4) You managed to score a rare interview with Ehren Kruger, who wrote SCREAM 3. Can you give us a little tease as to what he was able to reveal about his involvement in that project?
Ehren rocked. The guy is immensely busy and I think we scored him while he was in the midst of Transformers: Dark of the Moon madness. But he made the time for us and was incredibly gracious at offering some stories even I haven’t heard before. We really go all out on Scream 3, and its development history is fascinating, including the story ideas and potential opening scenes that didn’t make the big screen. Kruger recounted his time on the production and it sounded hectic.
5) What can you tell us about the fictional linking segment that you wrote/filmed for the documentary? How do you feel that it will enhance the overall presentation?
Each Scream film opens with a bang and I wanted Still Screaming to open with a tip of the hat to the expected “opening kill.” Our retro opens with a brief fictional segment/credits sequence where Ghost Face menaces two girls were are home to watch a Scream marathon. In Scream fashion, it’s self-aware, plays on the franchise’s archetypes and we throw a few jabs our own expense for making the retrospective in the first place. We shot it over the course of one evening with two terrific actresses – Arielle Brachfeld and Kaylee Score. Like I said, it’s a short and sweet way to get the audience warmed up. Originally, I envisioned this huge opening that played on all three famous opening sequences – from the Casey Becker kill to the theater murders of part two to Cotton’s death in three – but I was a bit in over my head and I had to significantly trim the script back. Now, it’s something that stands on its own and I hope the fans dig it.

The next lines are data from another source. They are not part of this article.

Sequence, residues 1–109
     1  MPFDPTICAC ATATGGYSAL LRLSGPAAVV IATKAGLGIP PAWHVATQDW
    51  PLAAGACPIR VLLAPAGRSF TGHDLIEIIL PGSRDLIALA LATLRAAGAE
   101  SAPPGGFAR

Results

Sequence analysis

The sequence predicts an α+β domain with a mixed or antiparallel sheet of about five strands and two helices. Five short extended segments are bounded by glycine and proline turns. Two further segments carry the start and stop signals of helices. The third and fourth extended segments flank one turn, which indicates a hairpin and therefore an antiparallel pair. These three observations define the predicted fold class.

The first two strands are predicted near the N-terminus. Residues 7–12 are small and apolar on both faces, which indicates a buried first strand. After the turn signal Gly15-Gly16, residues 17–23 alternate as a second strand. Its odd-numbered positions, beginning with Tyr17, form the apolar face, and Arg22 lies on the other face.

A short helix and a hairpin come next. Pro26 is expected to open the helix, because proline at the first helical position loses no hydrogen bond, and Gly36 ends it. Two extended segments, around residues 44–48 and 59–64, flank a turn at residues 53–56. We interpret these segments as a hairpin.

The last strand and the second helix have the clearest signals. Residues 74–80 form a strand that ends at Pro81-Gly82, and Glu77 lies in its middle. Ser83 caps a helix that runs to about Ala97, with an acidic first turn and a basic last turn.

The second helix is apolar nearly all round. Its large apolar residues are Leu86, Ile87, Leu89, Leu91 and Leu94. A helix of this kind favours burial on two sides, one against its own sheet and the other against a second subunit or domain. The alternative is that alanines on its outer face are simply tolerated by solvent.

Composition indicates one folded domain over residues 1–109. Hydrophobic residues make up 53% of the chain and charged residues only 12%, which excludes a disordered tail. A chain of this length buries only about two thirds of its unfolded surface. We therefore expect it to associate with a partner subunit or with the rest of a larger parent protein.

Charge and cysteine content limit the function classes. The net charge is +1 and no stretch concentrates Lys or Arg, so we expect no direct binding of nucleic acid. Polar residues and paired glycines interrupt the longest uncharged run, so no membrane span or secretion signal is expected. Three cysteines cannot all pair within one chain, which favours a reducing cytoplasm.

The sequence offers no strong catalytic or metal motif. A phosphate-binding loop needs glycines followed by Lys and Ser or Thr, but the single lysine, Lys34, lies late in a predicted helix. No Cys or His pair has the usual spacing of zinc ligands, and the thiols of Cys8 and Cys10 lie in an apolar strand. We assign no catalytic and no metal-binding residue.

6) You have maintained an active presence on social networking sites throughout production. What do you see as the benefits versus drawbacks of this type of communication? How do you plan to utilize Facebook as the project nears completion/release?